Granted, this is coming from a photographer torn between landscapes and wildlife. If I ever figure out that I should just stick with one or the other, then perhaps these dilemmas will be resolved. On the other hand, great light is great light, and I may never really want it "compensated."

Thursday, December 22, 2016

The Trouble with Lightroom Mobile

Lightroom mobile is a great idea. Photographs made on the iPhone automatically connect with desktop Lightroom, in theory. This is especially desirable since the new iPhone 7, via Lightroom, can make photos in DNG format.
I've read everything I could find from Adobe and LR gurus about the process, but I couldn't get the upload to happen with my system. Every instruction was followed precisely, repeatedly checked. Nothing.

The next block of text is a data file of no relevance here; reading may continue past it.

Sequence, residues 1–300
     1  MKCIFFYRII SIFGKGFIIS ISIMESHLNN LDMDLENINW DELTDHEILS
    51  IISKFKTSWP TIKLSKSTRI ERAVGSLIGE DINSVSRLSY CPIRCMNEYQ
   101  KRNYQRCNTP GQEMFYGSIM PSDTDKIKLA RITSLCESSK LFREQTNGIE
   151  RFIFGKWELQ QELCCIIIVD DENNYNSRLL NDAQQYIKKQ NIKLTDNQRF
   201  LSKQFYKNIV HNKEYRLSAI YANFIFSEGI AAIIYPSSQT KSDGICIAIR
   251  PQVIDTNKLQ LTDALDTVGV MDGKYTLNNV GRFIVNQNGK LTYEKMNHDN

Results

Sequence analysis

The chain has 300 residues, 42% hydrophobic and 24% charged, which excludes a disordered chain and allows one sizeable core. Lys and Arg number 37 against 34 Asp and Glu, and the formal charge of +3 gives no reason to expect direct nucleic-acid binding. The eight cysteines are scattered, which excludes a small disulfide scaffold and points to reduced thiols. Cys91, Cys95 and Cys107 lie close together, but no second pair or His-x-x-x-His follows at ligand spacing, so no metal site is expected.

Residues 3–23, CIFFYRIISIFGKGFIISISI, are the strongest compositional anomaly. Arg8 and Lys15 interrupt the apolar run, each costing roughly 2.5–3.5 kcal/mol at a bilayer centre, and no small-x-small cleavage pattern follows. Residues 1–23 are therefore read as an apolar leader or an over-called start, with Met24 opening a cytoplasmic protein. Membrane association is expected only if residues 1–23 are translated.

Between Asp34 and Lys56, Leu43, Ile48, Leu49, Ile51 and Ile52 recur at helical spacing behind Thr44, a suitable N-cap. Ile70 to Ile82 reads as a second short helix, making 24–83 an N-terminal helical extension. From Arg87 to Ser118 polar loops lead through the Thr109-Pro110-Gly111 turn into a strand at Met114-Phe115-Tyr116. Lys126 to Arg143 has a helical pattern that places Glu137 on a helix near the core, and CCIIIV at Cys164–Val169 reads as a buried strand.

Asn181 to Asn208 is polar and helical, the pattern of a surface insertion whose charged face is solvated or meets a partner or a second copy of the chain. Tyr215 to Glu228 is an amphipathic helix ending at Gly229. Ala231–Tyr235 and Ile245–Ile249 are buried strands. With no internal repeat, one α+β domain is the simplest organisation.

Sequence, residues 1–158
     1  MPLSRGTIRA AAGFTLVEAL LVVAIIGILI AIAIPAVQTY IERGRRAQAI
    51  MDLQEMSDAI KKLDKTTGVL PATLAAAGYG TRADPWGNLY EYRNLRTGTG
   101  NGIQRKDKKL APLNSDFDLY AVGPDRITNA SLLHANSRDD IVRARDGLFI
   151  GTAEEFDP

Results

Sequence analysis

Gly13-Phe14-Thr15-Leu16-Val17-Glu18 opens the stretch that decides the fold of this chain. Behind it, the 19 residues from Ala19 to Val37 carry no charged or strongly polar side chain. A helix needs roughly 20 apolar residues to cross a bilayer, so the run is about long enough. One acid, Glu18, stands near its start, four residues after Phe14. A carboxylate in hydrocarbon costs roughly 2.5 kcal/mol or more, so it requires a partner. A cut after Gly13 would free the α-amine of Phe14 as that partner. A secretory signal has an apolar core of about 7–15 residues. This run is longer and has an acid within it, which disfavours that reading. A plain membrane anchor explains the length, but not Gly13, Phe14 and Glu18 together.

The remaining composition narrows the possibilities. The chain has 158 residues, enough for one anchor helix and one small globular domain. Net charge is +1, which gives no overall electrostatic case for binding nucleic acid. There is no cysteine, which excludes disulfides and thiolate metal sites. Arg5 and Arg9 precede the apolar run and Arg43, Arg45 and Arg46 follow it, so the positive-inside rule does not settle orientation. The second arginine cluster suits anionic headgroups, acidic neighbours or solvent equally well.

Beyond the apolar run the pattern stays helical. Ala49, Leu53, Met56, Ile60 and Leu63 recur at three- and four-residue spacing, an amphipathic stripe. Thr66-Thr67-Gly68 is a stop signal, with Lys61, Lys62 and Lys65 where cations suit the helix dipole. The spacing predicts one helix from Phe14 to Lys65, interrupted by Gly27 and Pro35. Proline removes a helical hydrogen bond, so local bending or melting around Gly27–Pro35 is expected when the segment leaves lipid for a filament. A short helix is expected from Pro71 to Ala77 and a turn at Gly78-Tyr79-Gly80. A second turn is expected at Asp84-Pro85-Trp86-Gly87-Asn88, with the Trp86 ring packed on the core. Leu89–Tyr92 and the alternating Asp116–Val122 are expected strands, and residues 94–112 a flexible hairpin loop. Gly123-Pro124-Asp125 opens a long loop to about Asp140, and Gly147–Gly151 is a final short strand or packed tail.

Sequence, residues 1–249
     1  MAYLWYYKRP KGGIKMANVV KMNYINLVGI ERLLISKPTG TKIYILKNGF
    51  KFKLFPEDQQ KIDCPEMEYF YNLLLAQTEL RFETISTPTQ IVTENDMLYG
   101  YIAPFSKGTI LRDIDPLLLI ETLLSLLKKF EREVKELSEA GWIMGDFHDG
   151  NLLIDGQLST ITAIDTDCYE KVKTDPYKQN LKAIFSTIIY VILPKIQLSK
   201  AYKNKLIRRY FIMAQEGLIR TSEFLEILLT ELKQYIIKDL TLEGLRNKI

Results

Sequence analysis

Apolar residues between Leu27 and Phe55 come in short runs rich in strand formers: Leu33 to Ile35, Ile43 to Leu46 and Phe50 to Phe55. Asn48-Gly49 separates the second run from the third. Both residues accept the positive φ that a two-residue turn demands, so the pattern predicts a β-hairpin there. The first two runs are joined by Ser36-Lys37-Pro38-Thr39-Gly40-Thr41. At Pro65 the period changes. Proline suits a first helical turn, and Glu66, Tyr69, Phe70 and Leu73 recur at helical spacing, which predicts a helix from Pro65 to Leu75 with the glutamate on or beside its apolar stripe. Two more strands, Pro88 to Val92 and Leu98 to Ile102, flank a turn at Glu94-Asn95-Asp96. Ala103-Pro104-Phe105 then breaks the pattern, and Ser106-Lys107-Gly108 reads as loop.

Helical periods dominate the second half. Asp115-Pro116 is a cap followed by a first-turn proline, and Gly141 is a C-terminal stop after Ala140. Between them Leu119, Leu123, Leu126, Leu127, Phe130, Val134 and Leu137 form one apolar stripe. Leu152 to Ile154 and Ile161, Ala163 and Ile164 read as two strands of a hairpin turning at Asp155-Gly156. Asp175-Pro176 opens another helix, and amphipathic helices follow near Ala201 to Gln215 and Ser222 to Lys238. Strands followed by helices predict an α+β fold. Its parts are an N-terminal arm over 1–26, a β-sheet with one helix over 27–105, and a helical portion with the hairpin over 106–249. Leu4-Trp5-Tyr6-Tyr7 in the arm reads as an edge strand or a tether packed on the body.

Turns out, a Google search reveals lots of people with this problem. Lots of advice that doesn't produce the desired result.
The problem is bandwidth, folks. The upload doesn't happen directly to one's desktop or iPad. It is all processed via the cloud. If it doesn't get to Adobe's cloud site, it doesn't get to the desktop, even if the desktop is sitting next to the phone. It's easy to send photos directly via Airdrop, but the photos are first converted to jpg. If one has a slow internet connection, as I do with DSL, the phone always says it's syncing, but it never syncs. A reasonable broadband connection, via cable, and magically it happens, just like all the instructions say. But they never tell you it won't work without adequate bandwidth.
So, I live in a rather remote spot. Remote enough that the cable companies aren't interested, and DSL is the best I can do. The only way I can get the transfers to work is to visit friends with better internet. This considerably blunts the convenience of using the phone as a camera. For me, the process is way easier if I just use a camera and transfer the files via memory card.

Is Landscape Photography Political?